Woolen yarn was hand-spun by the people who provided this yarn to the vankars/ weavers to obtain the products required by them earlier. Today mill spun yarn is used and it is very rare to see somebody engaged in the traditional method of spinning.
For dyeing, the required yarn in hank form is tied with the poly pack at both ends and weighed, Colour along with acid is measured and heated to 65 - 750C and dyed till the solution turns colourless, so that the colour gets transferred on to the yarn, after this process yarns are spread. The above said process is repeated for two times for darker colours, it is then washed in water, dried in shade and in sunlight for fixing of the colours. There are two methods of warping used here with warping pegs or with warping frame.
• warping pegs
• warping Frame
In warping pegs, the wooden pegs are fixed to the ground near wall and continue to wall of required length usually done in the premises of the house or outside. Peg serves the purpose of maintaining the sequences and formation of the lease with the help of warping stick of 2 to 3 ft. long to which at one end a hallow stick of 90 degree is attached as a guide to make the warp.
In warping Frame the yarns are propped up against a wall to make the warp. If the material is cotton or wool, the warp is then placed in the starch solution and placed between two poles and the additional poles, which is then fixed to the ground so that the warp dries under tension. The strands of warp are even, starched with brush, dried and wound on to a beam. Looms mostly used are pit loom with large frame fixed to ground with a beater and lathe turned wooden cylinder. Shafts are attached to the wooden cylinder and adjusted to the required length with the help of cords on each side. The large frame that constitutes basic structure of the loom is a pit that accommodates the treadle, where the weaver sits on a narrow shallow depression in front of the loom placing his legs within the pit. The weft patterns are inserted individually as the sheds are changed, these are loosely held in weft, engaging only a part of the warp and regardless of whether the extra weft pattern is done from end to end or localized. Motifs are woven without reference to a graph. The step of weaving in the motif is done based on the experience of the weaving gained over a period of time.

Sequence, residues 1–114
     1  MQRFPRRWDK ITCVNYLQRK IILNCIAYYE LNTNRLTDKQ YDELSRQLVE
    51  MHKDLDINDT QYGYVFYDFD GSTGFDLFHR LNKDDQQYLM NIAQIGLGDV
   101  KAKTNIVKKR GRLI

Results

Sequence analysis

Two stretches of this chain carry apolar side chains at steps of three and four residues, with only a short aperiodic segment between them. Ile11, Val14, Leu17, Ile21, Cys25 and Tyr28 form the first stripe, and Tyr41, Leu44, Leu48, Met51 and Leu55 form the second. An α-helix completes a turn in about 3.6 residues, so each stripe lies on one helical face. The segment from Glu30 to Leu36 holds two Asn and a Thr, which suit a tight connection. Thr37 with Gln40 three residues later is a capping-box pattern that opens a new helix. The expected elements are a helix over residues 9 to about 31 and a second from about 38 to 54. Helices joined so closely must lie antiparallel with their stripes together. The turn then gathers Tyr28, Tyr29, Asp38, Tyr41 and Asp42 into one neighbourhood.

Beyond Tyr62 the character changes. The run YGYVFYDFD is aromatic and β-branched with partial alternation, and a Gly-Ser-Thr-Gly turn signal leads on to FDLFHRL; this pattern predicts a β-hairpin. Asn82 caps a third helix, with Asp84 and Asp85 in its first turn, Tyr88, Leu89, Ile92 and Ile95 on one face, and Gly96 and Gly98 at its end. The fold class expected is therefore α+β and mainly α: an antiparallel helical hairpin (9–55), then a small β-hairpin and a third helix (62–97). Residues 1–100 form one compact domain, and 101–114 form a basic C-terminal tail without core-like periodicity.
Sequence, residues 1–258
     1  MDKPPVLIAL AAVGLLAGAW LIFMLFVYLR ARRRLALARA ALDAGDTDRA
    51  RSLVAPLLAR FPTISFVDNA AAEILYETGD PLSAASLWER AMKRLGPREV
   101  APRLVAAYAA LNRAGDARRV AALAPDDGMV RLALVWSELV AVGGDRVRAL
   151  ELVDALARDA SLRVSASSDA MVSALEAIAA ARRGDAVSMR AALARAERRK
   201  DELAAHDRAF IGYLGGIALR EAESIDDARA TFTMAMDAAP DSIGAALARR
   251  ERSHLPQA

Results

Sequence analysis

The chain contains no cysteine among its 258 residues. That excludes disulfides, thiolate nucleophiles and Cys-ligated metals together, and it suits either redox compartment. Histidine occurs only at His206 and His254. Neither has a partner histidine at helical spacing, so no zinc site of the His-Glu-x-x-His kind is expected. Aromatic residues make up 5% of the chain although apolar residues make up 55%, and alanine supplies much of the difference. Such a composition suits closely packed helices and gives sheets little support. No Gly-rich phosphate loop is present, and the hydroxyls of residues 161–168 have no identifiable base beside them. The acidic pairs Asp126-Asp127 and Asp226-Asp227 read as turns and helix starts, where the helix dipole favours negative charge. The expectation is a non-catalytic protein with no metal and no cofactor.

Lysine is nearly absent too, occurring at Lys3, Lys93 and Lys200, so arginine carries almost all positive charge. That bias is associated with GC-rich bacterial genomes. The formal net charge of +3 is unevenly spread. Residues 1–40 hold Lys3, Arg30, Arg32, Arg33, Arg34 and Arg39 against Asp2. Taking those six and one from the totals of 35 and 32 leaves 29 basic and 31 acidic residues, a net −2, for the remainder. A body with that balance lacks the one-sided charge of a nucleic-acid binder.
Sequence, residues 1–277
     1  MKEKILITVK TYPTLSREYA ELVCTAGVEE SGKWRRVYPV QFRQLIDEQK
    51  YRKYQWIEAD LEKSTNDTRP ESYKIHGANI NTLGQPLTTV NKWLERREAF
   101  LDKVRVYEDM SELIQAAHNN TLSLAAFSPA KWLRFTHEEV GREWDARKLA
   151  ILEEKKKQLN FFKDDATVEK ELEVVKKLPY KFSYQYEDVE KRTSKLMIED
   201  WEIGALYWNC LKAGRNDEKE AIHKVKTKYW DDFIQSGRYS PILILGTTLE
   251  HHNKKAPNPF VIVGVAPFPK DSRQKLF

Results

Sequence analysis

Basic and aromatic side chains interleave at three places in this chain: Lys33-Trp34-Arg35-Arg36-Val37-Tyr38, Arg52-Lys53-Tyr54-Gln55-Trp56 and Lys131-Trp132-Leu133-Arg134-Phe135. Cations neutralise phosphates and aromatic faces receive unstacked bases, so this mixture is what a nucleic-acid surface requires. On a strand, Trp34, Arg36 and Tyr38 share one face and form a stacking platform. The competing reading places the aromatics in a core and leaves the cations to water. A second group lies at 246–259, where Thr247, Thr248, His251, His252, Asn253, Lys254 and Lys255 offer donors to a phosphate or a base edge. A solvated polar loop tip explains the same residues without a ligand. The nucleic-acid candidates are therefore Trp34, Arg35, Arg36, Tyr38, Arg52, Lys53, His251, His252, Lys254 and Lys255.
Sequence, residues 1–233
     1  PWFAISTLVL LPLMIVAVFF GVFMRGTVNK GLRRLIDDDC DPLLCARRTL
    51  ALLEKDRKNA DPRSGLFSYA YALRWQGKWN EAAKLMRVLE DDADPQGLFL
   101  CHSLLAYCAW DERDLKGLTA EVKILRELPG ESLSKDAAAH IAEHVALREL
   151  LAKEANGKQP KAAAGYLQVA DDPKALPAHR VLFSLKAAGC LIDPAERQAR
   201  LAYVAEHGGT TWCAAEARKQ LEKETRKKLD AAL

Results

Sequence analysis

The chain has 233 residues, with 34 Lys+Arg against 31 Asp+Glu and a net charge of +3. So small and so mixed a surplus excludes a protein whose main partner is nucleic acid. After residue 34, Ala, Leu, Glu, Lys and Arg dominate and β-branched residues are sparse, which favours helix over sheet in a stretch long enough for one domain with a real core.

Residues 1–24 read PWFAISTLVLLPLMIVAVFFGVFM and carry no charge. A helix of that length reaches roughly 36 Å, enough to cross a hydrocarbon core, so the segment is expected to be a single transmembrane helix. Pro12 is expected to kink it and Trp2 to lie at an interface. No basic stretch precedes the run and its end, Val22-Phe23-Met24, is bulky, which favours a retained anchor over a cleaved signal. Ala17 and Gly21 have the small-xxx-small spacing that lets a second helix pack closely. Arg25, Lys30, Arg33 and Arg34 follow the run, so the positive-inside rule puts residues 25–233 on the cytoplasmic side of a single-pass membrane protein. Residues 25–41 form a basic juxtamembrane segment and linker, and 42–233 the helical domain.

Normally weft threads are inserted through fly shuttle technique; weft threads are inserted in a geometric form such as square, diamond and triangular shape where symmetry is required in special cases. The selection of warp ends according to the patterns required is done behind the shafts as part of preparing the loom for weaving. Weaver staggers the meeting point of the two wefts to create the kangri (temple), the elongated triangle made which is most commonly called, is developed by the understanding of the structural property of interlocking. Finishing (making up) of a blanket or shawl is joining or adding of fringes, which is considered to be an extremely important and integral stage in completing the product.